Anna Rosario, VP of Commuter Affairs, announced that the Social Life Committee needs volunteers for the day of Spring Fest and that though the announcement was made, there are still a few more surprises.
Rosario also announced that Commuter Appreciation Day will be celebrated on April 30th and the day’s events will be carnival themed. The CSA is also planning a commuter field trip for either April 5 or 12 to go bowling at New Roc City which will be opened to commuters first and residents second if there are still spots open. She also announced that on March 14, Locke’s Loft will be open to commuters for free to celebrate St. Patrick’s Day.
Isabel Quinones reminded assembly members to sign up for Dorm Wars and to encourage their constituents to sign up as well.
Kerry Cavanagh shared the Educational Affairs Committee updates. The committee is still working on the academic integrity policy changes. The committee also discussed that the library is looking to maximize study spaces; she asked the assembly to share any ideas and suggestions.
She also announced that Jake Holmquist, the Chief Information Officer, confirmed that webprint will allow students to print double-sided starting shortly after spring break.
Cavanagh shared that changes to the finals schedule to eliminate Saturday finals will hopefully go into effect for Fall 2019. However, classes that normally meet on Saturdays can still expect to see Saturday exams.
Snow Closure Announcement Discussion
The assembly also discussed the issue of the timing of snow delay and closure announcements.
“The time that [the announcements] do go out, that Provost Clyde shared, is 5:15 but I have seen things around that people are upset that that’s too late,” said Cavanagh.
This launched a brief discussion in which commuter students raised their concerns.
“As someone who is on the road at 5 o’clock in the morning, that’s too late,” said Rabea Ali, a School of Business Vice President. “The night before isn’t realistic but 4, 4:30, something like that, at that point, the hour isn’t going to change drastically how much snow is on the ground.”
Liam Moran, a commuter and assembly member chimed in.
“I think 4:30 is as close to midnight as we’re going to get because 4:30 still allows us to have an influence in terms of planning the day. You are getting people early enough that if they are up or if they do wake up around that time, you can reach them when they’re not on the road, whereas at 5, you do have people who are commuting from Brooklyn who are on the trains already and that’s a big problem because trains don’t have good cell service… so you don’t necessarily get the notification until you’re already at 125th street or Dyckman street,” said Moran.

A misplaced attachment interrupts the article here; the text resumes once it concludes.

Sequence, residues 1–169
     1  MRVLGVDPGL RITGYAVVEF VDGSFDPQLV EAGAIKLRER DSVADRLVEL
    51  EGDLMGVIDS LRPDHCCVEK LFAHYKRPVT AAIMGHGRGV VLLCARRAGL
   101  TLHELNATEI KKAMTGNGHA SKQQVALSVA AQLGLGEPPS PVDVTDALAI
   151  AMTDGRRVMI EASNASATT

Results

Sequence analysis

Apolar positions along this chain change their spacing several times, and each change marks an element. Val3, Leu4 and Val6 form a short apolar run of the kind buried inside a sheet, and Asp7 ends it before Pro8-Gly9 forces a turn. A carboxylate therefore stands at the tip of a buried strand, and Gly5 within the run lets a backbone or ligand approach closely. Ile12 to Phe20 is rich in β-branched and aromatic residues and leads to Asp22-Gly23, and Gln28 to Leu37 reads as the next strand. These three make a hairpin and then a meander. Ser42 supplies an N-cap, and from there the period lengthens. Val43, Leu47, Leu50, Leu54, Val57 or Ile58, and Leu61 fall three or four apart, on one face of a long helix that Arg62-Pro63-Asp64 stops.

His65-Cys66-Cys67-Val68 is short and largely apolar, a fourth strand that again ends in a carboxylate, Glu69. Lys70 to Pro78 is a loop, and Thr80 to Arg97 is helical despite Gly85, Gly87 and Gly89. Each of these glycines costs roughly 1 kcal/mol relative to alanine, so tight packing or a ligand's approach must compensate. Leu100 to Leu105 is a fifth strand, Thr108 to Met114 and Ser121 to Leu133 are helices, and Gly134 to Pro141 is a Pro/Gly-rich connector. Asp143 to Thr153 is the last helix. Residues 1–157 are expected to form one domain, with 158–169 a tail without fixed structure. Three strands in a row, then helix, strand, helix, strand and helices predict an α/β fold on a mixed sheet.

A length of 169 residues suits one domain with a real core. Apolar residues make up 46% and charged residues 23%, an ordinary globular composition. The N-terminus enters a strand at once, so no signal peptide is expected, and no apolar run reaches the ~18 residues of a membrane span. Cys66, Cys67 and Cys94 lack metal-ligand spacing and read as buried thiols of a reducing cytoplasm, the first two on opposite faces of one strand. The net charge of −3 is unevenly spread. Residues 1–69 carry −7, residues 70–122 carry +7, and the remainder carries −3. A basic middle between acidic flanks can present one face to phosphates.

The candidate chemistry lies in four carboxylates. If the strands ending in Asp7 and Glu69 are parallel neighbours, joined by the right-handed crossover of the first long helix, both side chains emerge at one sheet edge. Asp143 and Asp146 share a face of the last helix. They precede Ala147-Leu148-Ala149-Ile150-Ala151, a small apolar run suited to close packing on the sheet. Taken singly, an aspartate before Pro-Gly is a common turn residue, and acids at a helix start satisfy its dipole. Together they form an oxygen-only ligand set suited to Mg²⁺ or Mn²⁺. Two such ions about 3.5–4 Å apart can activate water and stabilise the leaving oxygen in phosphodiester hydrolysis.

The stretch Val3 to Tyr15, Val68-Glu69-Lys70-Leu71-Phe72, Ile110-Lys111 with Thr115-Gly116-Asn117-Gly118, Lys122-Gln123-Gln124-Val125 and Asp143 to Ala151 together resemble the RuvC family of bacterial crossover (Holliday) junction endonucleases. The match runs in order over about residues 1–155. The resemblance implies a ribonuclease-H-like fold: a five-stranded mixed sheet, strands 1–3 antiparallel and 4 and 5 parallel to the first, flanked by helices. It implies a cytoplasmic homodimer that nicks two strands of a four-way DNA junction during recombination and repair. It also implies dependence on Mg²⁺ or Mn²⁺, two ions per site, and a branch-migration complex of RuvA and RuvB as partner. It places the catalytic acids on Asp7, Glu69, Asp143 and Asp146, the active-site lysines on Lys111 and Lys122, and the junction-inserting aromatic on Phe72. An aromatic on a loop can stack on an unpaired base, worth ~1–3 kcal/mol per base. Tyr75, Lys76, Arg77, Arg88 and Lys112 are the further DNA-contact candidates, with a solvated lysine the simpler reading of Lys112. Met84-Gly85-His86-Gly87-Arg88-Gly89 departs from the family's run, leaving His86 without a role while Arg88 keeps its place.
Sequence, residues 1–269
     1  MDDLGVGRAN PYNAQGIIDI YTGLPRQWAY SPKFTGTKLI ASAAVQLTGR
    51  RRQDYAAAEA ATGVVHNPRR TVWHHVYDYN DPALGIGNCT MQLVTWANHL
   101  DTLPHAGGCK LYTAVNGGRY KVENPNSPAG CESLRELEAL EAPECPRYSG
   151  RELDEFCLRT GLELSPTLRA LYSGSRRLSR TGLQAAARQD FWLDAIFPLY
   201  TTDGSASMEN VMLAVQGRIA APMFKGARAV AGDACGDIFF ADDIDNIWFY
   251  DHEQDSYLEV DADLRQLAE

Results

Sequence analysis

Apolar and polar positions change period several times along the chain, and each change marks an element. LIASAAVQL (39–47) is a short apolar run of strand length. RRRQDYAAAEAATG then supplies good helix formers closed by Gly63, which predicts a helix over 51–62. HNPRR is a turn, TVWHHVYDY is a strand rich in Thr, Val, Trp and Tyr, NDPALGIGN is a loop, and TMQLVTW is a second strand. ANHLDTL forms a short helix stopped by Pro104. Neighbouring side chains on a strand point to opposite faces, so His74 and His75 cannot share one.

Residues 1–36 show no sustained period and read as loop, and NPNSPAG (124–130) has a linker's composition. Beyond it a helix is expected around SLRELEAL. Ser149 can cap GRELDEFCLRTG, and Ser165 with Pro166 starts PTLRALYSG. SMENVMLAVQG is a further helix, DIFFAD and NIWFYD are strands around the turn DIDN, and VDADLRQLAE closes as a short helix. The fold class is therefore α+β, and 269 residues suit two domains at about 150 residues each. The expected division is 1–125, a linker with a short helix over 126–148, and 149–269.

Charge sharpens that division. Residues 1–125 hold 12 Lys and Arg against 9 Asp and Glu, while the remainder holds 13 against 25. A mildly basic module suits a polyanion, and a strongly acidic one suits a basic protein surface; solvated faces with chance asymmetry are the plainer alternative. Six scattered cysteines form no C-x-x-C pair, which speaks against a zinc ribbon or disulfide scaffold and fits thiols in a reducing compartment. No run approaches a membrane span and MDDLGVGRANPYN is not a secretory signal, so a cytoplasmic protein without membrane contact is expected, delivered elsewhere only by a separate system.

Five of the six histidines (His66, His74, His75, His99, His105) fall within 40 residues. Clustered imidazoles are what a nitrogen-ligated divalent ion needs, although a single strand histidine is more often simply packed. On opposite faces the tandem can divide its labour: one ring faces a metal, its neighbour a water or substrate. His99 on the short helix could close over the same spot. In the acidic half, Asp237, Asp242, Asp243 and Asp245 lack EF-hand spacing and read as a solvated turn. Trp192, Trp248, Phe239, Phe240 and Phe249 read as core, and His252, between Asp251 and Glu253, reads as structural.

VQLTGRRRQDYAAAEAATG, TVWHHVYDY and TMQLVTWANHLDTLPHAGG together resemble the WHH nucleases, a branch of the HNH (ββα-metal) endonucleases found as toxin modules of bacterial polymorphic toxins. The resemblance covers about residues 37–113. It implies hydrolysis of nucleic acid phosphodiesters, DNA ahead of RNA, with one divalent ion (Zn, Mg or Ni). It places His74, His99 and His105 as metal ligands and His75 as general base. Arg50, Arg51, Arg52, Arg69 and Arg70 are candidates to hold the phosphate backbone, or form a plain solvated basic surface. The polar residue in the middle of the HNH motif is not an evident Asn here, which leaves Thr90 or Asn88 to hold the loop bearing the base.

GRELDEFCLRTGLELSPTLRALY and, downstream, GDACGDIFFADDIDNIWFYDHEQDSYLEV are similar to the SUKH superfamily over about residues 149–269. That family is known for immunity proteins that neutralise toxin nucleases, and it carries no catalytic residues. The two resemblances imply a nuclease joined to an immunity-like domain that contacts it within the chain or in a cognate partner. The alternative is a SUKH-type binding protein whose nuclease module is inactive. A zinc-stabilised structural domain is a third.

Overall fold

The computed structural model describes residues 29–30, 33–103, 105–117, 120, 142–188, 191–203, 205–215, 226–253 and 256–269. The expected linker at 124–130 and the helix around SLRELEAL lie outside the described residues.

Stephen Zubrucky, a School of Engineering Vice President, recommended that the school take on a policy that when the New York City schools close, Manhattan College should also close, to help the faculty and staff of the college whose children go to the NYC public schools.
Commencement Survey Updates
Cavanagh shared that 32 percent of the class of 2020 responded to the survey, which was not nearly as high as a response rate as they were hoping for, but was better than what the survey response originally was.
She announced that of the students that responded, students feel the number of tickets was most important and that commencement being on campus was the least important.
These survey results will be taken into account when planning commencement for the class of 2020.
The executive board announced that there will be reusable plastic cups with a college logo on it that local delis have agreed to use for iced coffee. The board is looking for good ways to hand out these cups to make sure students who will actually use them will be the ones to get them, rather than give them to students who won’t end up using them.
Locke’s Loft, in conjunction with JustPeace, is also looking to collect unused mugs to have reusable mugs available in the dining hall for those who want to drink coffee or other hot beverages while sitting down for a meal. The executive board will also be ordering some mugs with the same logo to donate to this initiative.
President Jaycie Cooper announced that senior week is almost completely planned and that seniors should be on the lookout for more information about that coming out in early April.
Chief Justice Anthony DePinho announced that Student Court will be hosting its first open meeting on Tuesday, March 26 at 1 p.m. in Kelly 4B.
Cooper announced that the SGA will be partnering with the International Student Association for International Night will be on April 26 from 8 p.m. to 11 p.m. and will be a semi-formal event. Event organizers are currently searching for performers so students are encouraged to reach out if they are interested.